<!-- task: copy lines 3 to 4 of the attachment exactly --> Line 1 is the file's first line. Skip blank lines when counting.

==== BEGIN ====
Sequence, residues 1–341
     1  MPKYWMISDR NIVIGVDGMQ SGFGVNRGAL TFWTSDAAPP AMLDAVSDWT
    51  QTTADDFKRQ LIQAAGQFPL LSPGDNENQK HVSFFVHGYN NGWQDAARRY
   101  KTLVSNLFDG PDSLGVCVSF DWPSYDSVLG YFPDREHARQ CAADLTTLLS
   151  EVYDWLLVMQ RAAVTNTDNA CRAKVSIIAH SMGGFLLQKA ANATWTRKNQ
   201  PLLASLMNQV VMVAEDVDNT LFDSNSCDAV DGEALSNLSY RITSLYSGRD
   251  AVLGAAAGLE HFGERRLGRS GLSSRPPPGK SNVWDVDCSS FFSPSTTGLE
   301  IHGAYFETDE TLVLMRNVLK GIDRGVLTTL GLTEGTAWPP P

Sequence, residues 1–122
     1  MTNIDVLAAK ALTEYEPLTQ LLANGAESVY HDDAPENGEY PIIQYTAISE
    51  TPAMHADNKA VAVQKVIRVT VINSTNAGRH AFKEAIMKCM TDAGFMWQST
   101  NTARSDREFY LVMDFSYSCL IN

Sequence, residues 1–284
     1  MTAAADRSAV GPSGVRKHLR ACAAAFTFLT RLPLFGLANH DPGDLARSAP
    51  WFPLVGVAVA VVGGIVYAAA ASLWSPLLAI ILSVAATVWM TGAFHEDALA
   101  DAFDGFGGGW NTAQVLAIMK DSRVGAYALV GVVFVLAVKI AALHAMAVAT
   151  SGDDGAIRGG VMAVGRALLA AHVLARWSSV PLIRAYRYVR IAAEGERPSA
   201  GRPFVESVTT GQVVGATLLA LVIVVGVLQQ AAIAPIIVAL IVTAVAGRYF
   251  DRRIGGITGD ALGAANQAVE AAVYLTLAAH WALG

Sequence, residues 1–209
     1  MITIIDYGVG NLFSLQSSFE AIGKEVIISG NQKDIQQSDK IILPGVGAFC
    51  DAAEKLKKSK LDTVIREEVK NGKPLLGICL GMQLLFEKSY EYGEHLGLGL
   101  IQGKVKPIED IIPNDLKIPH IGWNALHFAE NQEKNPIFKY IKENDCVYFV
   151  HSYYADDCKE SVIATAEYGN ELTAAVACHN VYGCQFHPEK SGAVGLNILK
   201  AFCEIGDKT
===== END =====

    51  QTTADDFKRQ LIQAAGQFPL LSPGDNENQK HVSFFVHGYN NGWQDAARRY
   101  KTLVSNLFDG PDSLGVCVSF DWPSYDSVLG YFPDREHARQ CAADLTTLLS